Researchers believe regional disparities make Covid-19 innately lethal in US and Europe than in Asia

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Tokyo [Japan], May 29 (ANI): A team of Japanese researchers have found that regional differences play a major role in mutating the strains of coronavirus and making it innately contagious as well as lethal in one part of the world than in another, according to a study cited by The Washington Post.
Stark differences in mortality across the world have caught the attention of researchers who are trying to crack the code as to why has the death toll from covid-19 apparently been lower in Asia than in Western Europe and North America?
Parts of Asia reacted quickly to the threat and largely started social distancing earlier on. But researchers are also examining other factors, including differences in genetics and immune system responses, separate virus strains and regional contrasts in obesity levels and general health.
China, where the virus emerged late last year in Wuhan, has recorded fewer than 5,000 deaths, which translates to three deaths per million inhabitants. Japan has around seven per million, Pakistan six, South Korea and Indonesia five, India three and Thailand fewer than one per million. Vietnam, Cambodia and Mongolia say they have recorded zero covid-19-related deaths.
Compare that with about 100 deaths per million in Germany, about 180 in Canada, nearly 300 in the United States and more than 500 in Britain, Italy and Spain.
Scientists at Japan's Chiba University plotted the trajectory of the virus across the world and said they noticed stark regional disparities.
"That means we need to take into consideration regional differences first, before analysing what policies and other factors are affecting the spread of infection in any given country," said Akihiro Hisaka of the varsity's Graduate School of Pharmaceutical Sciences.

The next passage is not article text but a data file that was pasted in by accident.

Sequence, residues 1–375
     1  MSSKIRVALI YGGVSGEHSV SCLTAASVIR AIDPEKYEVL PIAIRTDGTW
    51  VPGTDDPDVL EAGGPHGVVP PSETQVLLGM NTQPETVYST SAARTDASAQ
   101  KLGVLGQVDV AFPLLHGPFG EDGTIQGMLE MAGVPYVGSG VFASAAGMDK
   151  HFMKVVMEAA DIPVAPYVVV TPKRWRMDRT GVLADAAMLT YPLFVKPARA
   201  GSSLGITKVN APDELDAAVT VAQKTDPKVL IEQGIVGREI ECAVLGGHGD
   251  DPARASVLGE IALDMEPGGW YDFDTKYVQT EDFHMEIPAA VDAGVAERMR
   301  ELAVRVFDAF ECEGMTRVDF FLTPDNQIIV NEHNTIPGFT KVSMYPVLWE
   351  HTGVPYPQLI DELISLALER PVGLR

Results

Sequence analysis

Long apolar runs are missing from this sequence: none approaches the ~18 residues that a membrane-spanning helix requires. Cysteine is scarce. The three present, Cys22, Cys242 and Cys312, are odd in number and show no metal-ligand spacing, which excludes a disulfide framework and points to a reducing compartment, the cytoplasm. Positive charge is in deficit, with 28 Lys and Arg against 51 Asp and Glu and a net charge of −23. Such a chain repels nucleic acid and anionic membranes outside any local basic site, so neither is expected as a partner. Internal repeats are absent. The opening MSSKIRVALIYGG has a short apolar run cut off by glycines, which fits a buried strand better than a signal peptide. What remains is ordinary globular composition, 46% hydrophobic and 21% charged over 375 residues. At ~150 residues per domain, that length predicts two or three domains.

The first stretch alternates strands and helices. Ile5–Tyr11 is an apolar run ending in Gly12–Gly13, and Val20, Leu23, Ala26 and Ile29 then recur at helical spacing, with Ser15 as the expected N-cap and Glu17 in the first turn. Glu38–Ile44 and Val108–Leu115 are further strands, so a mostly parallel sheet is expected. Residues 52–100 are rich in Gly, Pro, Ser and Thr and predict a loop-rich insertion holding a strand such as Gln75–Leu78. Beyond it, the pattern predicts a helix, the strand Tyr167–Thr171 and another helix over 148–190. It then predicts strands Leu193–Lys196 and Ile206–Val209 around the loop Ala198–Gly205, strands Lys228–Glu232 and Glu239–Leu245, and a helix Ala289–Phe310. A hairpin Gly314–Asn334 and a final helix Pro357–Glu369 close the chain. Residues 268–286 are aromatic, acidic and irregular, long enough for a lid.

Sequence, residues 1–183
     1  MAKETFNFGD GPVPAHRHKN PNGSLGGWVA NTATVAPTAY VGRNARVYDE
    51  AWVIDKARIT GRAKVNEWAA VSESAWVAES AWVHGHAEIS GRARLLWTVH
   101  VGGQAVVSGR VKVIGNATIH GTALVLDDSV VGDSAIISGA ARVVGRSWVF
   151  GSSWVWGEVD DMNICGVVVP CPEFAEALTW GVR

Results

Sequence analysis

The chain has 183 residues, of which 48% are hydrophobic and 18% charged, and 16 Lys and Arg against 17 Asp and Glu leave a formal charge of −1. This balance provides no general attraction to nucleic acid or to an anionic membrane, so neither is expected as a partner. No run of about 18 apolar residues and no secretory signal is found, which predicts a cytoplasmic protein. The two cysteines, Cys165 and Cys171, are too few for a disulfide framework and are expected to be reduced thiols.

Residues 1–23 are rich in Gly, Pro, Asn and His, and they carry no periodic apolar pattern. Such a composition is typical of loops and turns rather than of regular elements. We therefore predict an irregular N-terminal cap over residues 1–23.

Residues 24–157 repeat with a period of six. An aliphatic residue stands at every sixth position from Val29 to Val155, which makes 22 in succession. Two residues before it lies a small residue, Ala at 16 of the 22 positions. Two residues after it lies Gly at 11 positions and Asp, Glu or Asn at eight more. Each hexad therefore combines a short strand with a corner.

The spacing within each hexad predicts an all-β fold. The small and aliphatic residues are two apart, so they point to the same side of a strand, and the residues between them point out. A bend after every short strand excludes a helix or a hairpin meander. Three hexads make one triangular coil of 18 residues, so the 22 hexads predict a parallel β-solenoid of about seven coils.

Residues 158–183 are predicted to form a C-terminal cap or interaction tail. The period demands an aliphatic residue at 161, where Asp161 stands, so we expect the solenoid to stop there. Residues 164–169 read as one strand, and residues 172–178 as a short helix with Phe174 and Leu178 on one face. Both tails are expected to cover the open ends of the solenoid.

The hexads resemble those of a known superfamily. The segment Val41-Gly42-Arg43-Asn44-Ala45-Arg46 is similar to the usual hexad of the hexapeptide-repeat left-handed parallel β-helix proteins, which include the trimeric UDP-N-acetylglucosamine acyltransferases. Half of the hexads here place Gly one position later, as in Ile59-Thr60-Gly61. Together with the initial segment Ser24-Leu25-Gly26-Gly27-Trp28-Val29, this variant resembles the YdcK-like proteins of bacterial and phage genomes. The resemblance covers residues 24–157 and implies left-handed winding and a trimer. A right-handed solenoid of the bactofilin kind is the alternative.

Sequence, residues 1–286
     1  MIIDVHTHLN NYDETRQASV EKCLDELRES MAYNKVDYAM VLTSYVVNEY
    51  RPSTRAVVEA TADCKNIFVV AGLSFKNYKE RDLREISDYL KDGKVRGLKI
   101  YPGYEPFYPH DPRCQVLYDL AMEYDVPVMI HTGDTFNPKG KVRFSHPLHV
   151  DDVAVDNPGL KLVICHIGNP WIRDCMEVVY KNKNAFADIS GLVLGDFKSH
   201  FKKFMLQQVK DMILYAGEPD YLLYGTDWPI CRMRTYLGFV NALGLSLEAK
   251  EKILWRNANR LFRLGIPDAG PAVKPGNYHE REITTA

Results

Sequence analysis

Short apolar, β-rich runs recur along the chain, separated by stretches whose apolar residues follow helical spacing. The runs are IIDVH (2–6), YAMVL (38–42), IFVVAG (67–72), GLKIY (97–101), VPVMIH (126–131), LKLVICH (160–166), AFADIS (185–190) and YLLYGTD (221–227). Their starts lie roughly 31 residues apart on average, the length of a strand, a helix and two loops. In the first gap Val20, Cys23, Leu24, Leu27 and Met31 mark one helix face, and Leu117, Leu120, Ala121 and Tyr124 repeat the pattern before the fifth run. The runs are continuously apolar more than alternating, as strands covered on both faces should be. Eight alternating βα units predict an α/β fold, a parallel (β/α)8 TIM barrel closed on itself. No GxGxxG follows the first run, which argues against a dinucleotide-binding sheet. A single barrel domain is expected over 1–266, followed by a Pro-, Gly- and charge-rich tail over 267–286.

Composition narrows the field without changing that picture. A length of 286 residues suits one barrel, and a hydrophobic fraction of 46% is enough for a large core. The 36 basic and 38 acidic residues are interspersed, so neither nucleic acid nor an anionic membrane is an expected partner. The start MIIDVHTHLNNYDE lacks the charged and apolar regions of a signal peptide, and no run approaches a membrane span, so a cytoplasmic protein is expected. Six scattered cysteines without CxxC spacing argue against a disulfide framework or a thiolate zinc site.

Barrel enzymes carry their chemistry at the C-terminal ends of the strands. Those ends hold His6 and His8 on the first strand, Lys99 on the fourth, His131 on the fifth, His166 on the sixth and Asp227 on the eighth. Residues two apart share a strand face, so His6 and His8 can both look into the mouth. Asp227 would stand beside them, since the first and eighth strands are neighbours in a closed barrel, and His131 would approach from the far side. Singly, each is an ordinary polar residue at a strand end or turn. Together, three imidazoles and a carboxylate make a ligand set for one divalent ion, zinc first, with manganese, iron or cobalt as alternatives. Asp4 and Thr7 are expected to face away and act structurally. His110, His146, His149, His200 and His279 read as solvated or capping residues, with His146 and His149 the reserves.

An assumption made from the ongoing research suggest that the SARS-CoV-2 virus mutates the way all viruses do and is just as innately contagious and lethal in one part of the world as in another.
An initial reluctance to react to an epidemic that seemed distant and unthreatening is another aspect for higher covid-related deaths in the United States and Western Europe.
"There are differences in testing, reporting, control from country to country. And there are differences in rates of hypertension, chronic lung disease, et cetera, on a country-by-country basis," Jeffrey Shaman, an epidemiologist at Columbia University, told the Post.
In Asia, meanwhile, previous experience with the SARS and MERS epidemics enabled much faster responses to the new threat.
Several studies, earlier, suggested that heat and humidity can slow, although not stop, the spread of the virus, just as is seen with influenza and with coronaviruses that cause common colds. But such findings were also squashed after certain equatorial countries, including Ecuador and Brazil, saw severe growth in infected cases and deaths linked to covid-19.
But among all hypothesis, scientists at Chiba University were quoted as saying that a whole range of possible genetic factors might also condition the body's response to the virus.
Tatsuhiko Kodama of the University of Tokyo said preliminary studies show that Japanese people's immune systems tend to react to the novel coronavirus as though they had previous exposure, and notes that there are centuries of history of coronaviruses emerging from East Asia.
"The enigma of lower death rates in East Asia can be explained by the presence of immunity," he said.
However, all the epidemiological research on the virus suffers from incomplete data, and any conclusions drawn from the initial numbers may melt away as new data emerges. It is still early in the pandemic, experts say, and the hard-science questions take time.
In any case, it doesn't change the need for every country to remain on high alert.
"All of the strains that are circulating on the planet," said Jeremy Luban, a virologist at the University of Massachusetts Medical School in the US, further adding that it "seems to be capable of killing people." (ANI)